OAKLAND -- Sonny Gray on Saturday night became the seventh youngest pitcher to start an A's postseason game.

He did not act his age, as Torii Hunter can attest.

Hunter, the Detroit Tigers veteran, tried shooting the 23-year-old rookie a menacing look after a high-and-tight fastball early in Game 2 of the American League Division Series.

Gray responded by striking him out with a 95 mph fastball.

Still steaming, the kid really dialed it up. Before Hunter glared at him, Gray hadn't hit 96 mph on the radar gun once. He did so on four of the next eight pitches, according to MLB.com's pitch tracker, including a pair of 96s to finish off Miguel Cabrera with a swinging strikeout.

Inning over. Legend just beginning.

Gray's eight scoreless innings helped the A's secure a 1-0 victory to tie the best-of-five American League Division Series at a game apiece. Technically, Stephen Vogt won it with his ninth-inning single. But this one will be best remembered for the two starters who had no-hit stuff en route to their no-decisions.

Gray matched Tigers ace Justin Verlander zero for zero. It was a cinematic duel between the newbie and the established star, each of them dialing up heat on demand -- The Old Man and the K.

"This is postseason pitching. That's what you saw tonight at its best," Tigers manager Jim Leyland said.


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Verlander pitched seven scoreless innings, allowing four hits, one walk and striking out 11. Gray pitched eight scoreless innings, allowing four hits, two walks and striking out nine.

Half of that equation makes sense. Verlander was a six-time All-Star making his 13th career postseason start.

Gray? His media bio entry details his exploits for the Sacramento River Cats earlier this season, noting his fine work against the likes of the Salt Lake Bees and New Orleans Zephyrs.

Funny as it sounds, Gray and Vogt leaned on that Triple-A experience in preparing for the defending American League champs. Vogt also started the season in Sacramento and caught most of Gray's starts there. So before this pressure-packed playoff game, they went over the scouting report as calmly as if they were back at Raley Field.

And it looked as if they were there, too. Austin Jackson struck out four times. Hunter struck out twice in during his 0-for-4 night. The heralded middle of the Tigers lineup -- Miguel Cabrera, Prince Fielder and Victor Martinez -- went a combined 1 for 12 with a single.

"For a 23-year-old kid like that on the stage he was on, I can't say enough about the job he did," Vogt said. "It's just a testament to the kid he is."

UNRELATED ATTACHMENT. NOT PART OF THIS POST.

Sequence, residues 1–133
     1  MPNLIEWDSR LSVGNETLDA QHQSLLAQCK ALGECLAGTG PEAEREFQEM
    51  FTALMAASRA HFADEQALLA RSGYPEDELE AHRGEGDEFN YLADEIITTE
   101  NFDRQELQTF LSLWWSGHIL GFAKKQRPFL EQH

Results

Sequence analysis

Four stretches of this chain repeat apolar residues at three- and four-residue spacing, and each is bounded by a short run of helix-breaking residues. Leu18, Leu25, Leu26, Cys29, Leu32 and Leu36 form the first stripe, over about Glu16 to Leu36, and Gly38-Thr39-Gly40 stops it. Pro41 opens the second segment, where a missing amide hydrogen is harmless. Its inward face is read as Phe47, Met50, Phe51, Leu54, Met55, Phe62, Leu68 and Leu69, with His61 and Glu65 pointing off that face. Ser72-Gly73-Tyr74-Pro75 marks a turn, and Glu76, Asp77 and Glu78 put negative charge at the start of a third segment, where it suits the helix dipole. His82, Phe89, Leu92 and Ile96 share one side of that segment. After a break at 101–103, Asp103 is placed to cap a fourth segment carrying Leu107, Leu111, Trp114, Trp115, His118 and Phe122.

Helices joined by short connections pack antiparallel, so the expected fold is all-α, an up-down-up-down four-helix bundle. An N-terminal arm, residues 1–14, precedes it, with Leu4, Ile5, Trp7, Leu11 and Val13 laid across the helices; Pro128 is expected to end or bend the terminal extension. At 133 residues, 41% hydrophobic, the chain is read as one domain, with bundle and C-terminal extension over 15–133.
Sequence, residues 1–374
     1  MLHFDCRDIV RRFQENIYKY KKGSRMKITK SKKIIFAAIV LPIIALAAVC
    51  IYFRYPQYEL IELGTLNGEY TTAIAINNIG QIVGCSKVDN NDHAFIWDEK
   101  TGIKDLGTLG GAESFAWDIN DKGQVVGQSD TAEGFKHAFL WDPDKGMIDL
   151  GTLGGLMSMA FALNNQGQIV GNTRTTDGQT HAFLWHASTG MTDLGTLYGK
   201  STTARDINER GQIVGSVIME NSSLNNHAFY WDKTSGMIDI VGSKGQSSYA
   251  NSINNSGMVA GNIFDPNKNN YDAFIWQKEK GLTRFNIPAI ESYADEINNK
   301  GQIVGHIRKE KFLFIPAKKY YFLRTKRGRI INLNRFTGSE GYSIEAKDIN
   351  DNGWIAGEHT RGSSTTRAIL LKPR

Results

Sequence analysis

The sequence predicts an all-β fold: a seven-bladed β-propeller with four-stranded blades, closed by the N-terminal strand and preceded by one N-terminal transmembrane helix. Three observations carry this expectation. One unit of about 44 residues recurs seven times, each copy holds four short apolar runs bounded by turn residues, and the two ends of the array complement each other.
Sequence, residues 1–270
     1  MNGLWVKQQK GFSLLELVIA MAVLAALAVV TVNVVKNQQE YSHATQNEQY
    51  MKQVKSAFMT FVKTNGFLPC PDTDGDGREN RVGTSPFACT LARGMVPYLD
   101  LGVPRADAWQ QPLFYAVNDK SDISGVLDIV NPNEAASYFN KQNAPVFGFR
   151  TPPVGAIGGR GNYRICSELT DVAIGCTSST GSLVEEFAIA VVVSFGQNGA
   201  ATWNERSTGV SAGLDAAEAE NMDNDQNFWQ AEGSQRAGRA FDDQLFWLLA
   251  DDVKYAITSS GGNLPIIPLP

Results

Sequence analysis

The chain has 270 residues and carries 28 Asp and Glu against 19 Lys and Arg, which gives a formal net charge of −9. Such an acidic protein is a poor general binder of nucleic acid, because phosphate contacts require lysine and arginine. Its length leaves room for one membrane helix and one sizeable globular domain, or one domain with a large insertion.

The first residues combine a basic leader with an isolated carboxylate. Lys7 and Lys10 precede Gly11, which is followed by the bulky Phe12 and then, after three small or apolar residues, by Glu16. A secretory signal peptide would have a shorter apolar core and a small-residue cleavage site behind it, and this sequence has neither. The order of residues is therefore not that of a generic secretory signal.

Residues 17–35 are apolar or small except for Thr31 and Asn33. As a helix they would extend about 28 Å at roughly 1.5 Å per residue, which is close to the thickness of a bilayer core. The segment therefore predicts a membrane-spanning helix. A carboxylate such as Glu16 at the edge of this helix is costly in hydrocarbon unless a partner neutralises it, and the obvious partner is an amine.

Gray didn't even make his major league debut until July 10. But by the eighth inning Saturday night, he had clearly made a name for himself. When Gray walked off the mound after a dominant eighth inning, 48,292 fans chanted "Son-ny! Son-ny! Son-ny!" as if they'd known him for years.

Gray is from place called Smyrna, Tenn., a city once ranked as one of the best places in the United States to retire. It will be a while before Gray can confirm that report.

"He was everything as advertised," Leyland said. "Good, live fastball -- 94, 95, 93, 96 — coupled with an electric curveball. He was terrific."

Gray said he was most proud, and most surprised, about being able to control his emotions. He said he wasn't as nervous or as amped up as he thought he would be and was "able to locate all my pitches without being too shaky."

The best example -- let's call it Exhibit K -- came in his third inning showdown with Hunter. After a fastball forced Hunter to lean back off the plate, the hitter was clearly displeased. The Hunter became the heated.

He told Vogt to stay away from his head. Hunter looked at the mound, then at umpire CB Bucknor, as TV cameras caught him snapping, "C'mon, man!"

Gray came on all right.

"It got me fired up a little bit, it did," he acknowledged. "After that, I had a little extra adrenaline."

Gray didn't take the exchange personally. He said that Hunter was one of his favorite players when he was young (i.e. not that long ago) and noted the five-time All-Star's reputation as one of the nicest guys in the game.

Gray recalled the thrill of facing him for the first time in a spring training game a few years ago when Hunter, then with the Angels, whistled a single that Gray thought might take his head off.

This time, though, Gray had his reply ready.

"He loves to pitch," A's manager Bob Melvin said. "He's excited. He's not one of those guys that's stone-faced out there. He's into every pitch, and he really enjoys doing it. That's really worked for him over his career."

That career is just beginning.